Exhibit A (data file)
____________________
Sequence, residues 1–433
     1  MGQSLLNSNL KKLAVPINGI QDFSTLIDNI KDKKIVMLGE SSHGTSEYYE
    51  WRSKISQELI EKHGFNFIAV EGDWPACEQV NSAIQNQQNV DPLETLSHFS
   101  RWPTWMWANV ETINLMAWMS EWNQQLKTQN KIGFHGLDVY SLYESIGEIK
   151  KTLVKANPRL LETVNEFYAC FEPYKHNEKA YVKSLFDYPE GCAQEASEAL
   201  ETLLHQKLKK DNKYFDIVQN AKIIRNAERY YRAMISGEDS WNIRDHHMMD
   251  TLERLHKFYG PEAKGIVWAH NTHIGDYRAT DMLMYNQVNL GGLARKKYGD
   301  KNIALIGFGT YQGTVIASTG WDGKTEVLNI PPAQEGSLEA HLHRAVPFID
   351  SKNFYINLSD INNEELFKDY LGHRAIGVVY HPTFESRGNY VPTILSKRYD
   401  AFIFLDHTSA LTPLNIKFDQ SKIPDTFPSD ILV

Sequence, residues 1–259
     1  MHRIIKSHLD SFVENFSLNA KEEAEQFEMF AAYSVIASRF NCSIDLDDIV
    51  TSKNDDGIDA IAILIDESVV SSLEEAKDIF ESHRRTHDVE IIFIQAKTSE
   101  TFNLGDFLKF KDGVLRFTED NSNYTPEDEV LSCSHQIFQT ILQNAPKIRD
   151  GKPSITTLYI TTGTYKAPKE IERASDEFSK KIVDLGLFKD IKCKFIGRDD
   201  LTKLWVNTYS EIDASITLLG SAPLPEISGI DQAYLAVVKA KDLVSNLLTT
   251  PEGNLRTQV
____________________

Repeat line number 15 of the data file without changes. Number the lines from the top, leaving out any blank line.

   151  GKPSITTLYI TTGTYKAPKE IERASDEFSK KIVDLGLFKD IKCKFIGRDD